In 2012, the World Health Organization (WHO) updated its policy on intermittent preventive treatment in pregnancy with sulphadoxine-pyrimethamine (IPTp-SP). A global recommendation to revise the WHO policy on the treatment of malaria in the first trimester is under review. We conducted a retrospective study of the national policy adoption process for revised IPTp-SP dosing in four sub-Saharan African countries.
Malaria in pregnancy is a public health challenge with serious negative maternal and newborn consequences. Intermittent preventive treatment (IPTp) with sulphadoxine-pyrimethamine is recommended for the control of malaria during pregnancy within endemic areas, but coverage for the recommended ≥3 doses IPTp regimen has remained suboptimal. We searched PubMed, Cochrane library, and HINARI database from 1 January 2010 to 23 May 2020, for studies investigating the effect of the health system on IPTp implementation.
Intermittent preventive treatment in pregnancy with sulphadoxine-pyrimethamine (IPTp-SP) is one of the main strategies for protecting pregnant women, fetus, and their new-born against adverse effects of P. falciparum infection. The development of the drug resistance linked to mutations in P. falciparum dihydrofolate reductase gene (pfdhfr) and P. falciparum dihydropteroate synthase gene (pfdhps), is currently threatening the IPTp-SP approach.
Plasmodium falciparum-resistance to sulphadoxine-pyrimethamine (SP) has been largely reported among pregnant women. However, the profile of resistance markers to SP dihydrofolate reductase (dhfr) and dihydropteroate synthase (dhps) in the general population are varied and not frequently monitored. Currently, SP is used as partner drug for artemisinin combination therapy (SP-artesunate) in some sub-Saharan African countries or as a prophylactic drug in intermittent preventive treatment of malaria during pregnancy and infants and in seasonal malaria chemoprevention (SMC). Profiling of P. falciparum-resistant genotypes to SP is dynamic and critical in providing data that would be useful for malaria control programmes. This study assessed the profile of dhfr and dhps genes genotypes among individuals with malaria in Lagos, Nigeria.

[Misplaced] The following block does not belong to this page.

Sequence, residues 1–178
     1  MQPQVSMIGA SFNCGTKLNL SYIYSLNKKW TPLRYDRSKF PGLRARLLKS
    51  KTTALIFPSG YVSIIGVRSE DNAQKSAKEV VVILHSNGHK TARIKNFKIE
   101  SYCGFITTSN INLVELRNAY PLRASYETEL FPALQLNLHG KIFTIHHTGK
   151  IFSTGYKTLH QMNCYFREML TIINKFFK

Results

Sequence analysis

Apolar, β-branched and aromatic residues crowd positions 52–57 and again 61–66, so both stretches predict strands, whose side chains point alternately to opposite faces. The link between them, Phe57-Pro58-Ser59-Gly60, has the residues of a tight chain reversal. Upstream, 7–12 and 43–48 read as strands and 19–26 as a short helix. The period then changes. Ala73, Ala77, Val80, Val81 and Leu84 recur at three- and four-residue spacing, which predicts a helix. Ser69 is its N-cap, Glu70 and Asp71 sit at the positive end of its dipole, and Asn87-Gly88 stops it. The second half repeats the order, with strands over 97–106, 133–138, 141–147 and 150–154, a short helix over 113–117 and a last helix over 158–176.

Malawi adopted the 2012 updated Word Health Organization (WHO) Intermittent preventive treatment of malaria during pregnancy with sulphadoxine-pyrimethamine (IPTp-SP) policy in 2013. This study aimed to estimate the proportion of and identify factors associated with the uptake of at least three doses of IPTp with SP among pregnant women in Malawi after the adoption and operationalisation of updated WHO IPTp-SP policy.
Sulphadoxine-pyrimethamine + amodiaquine therapy was as efficacious as sulphadoxine-pyrimethamine + artesunate, but more efficacious than sulphadoxine-pyrimethamine alone in the treatment of uncomplicated P. falciparum malaria in Mali.
A cross-sectional study was conducted among singleton pregnant women who delivered in two selected health facilities of Geita district, northwestern Tanzania.
Finding an alternative to sulphadoxine-pyrimethamine has become a concern because of an increase in malaria parasite resistance to sulphadoxine-pyrimethamine. In addition, sulphadoxine-pyrimethamine is contraindicated in women who are HIV-positive because it interacts negatively with the HIV drug cotrimoxazole.
We compared the socio-obstetrical characteristics of women who developed clinical malaria and those who did not though in the same regimen.
Pfdhfr and pfdhps genotypes from 24 P. falciparum-infected patients consisting of adequate clinical parasitological response (ACPR) (n = 6; 25.0%) and early treatment failure (ETF) (n = 10; 41.7%) or late parasitological failure (LPF) (n = 8; 33.3%) were obtained by sequencing.